Microwave Ovens - The three different microwave types available. Difference between commercial and domestic microwaves. Microwave ovens sorted by brand. Includes links to manufactures websites and detailed microwave oven specifications.
Microwave Reviews. Contemporary reviews of microwaves. Reviews concerning Panasonic microwaves, general microwave use and general microwave purchasing.
Microwaves are great! By Sandra-M | 25.07.01
I wouldn't be without my microwave?and I thought I'd put a list together of what you can do with it...
(Note timings are for a category b (800w) oven. A category d (650 w) will take longer. Make sure that any dishes or cups you use are microwave proof before using.
1. Make porridge without all the mess - you need a high-sided dish - I use a glass Pyrex dish so I can see what's going on! For two: measure out 60g (1 cup) porridge oats. Put in a bowl with 400 ml (2 1/4 cups) milk and a pinch of salt (if you like). Cook on high for four to six minutes (depending on your heating category). Leave to stand for two minutes before serving.
2. Make scrambled eggs. Advantages: no saucepan to scrub and they won't burn! For two people: beat together two eggs, salt and pepper and two tablespoons milk. Put in the microwave on high for two minutes. Again a glass Pyrex type dish is best.
Take out and whisk. Return to the microwave for a further minute on high, take out and mix (by now it should be almost firm). Return for a final minute. Should be done now. (These timings are for a 800w category d oven, others may take longer).
3. Frozen peas - just put in a dish add some water, salt, and cover. (I use a slotted plastic cover for microwaves). Cook on high for three minutes.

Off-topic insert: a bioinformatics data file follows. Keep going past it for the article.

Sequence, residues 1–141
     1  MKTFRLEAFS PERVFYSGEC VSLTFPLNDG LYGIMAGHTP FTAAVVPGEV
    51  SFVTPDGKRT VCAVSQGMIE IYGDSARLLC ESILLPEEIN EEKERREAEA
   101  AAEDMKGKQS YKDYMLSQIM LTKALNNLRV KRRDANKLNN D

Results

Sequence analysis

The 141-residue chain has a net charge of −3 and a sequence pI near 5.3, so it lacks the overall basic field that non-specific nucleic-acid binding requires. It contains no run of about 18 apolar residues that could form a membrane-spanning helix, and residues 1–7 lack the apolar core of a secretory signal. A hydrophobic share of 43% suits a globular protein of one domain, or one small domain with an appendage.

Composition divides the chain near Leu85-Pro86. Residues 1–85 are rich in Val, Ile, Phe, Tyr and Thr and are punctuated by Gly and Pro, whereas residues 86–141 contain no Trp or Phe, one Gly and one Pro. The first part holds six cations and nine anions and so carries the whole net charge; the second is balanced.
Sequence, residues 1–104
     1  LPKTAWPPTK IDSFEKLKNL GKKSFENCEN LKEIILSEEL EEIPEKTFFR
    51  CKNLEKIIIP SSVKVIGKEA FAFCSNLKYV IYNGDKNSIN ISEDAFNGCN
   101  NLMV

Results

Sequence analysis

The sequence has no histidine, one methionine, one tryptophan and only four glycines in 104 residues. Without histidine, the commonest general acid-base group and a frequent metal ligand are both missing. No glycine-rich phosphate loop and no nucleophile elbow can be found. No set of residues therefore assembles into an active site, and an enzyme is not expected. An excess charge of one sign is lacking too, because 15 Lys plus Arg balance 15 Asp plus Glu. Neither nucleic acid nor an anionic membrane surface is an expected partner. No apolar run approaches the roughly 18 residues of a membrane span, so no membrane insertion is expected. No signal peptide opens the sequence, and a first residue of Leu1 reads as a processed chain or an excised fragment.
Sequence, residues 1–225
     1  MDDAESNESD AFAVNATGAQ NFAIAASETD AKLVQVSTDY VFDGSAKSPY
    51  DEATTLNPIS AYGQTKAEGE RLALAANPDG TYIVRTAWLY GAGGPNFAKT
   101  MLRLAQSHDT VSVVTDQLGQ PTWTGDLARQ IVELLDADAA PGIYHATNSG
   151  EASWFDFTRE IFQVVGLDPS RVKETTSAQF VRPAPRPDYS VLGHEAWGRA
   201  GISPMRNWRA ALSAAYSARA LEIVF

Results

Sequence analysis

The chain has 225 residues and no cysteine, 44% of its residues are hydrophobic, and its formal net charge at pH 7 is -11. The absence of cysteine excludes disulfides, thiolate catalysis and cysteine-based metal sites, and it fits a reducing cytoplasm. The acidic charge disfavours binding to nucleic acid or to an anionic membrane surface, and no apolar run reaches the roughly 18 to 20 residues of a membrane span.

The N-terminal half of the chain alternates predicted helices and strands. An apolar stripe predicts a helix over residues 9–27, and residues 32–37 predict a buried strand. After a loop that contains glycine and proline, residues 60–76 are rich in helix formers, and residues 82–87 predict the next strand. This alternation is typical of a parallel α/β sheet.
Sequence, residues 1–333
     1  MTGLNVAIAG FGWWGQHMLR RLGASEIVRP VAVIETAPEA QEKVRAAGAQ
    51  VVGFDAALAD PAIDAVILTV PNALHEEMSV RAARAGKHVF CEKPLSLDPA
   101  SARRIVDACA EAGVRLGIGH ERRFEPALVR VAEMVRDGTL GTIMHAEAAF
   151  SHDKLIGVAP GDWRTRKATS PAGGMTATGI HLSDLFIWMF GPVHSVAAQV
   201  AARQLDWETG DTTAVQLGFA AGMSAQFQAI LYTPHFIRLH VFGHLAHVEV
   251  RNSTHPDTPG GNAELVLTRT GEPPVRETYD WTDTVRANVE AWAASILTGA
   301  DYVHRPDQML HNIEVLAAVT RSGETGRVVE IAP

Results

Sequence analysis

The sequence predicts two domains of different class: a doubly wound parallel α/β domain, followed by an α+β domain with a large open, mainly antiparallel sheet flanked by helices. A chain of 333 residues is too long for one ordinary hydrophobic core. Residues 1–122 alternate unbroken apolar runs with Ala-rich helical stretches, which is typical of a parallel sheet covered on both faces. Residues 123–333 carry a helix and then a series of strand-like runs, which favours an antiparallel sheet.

4. Baked beans/peas - put in a dish and cook on high for two minutes.
5. Warm plates - put on high for three minutes. Mine seem to stay warm for at least 20 minutes.
6. Reheat drinks - ever made a cup of tea and forgotten about it. If it is quite cool, put back in for 20 seconds on high. Caution: make sure your cup is microwave proof and stir it when it comes out before drinking.
7. Pre-cook roast potatoes. Put them all in a microwavable bowl with some water to just about cover them and salt and cook on high for eight minutes. Drain and put in the oven. This has the same result as par-boiling on the stove but is quicker.
8. Jacket potatoes: an average potato will take up to eight or nine minutes on high. I wash and prick mine all over with a fork, run in some olive oil and put in a dish. Just test with a knife to see if it's done all the way through.
9. Broccoli: cut broccoli into florets and put into a dish with a small amount of water, add salt. Cook uncovered for five minutes. I find the broccoli is perfectly cooked and retains a bright green colour so I prefer cooking it this way to on the hob.
Hope this is useful.
General by David J. Rogers | 30.03.02
Our Toshiba er-672et delta wave 650w microwave was one of the very first turntable models available back in 1981. It was top of the range, big, heavy and very expensive, running at around £300 then. Of course, the years have seen advances in technology such that you can buy similar microwaves for around £99 now. However, are they as good as the first ones? I know they are not as roomy.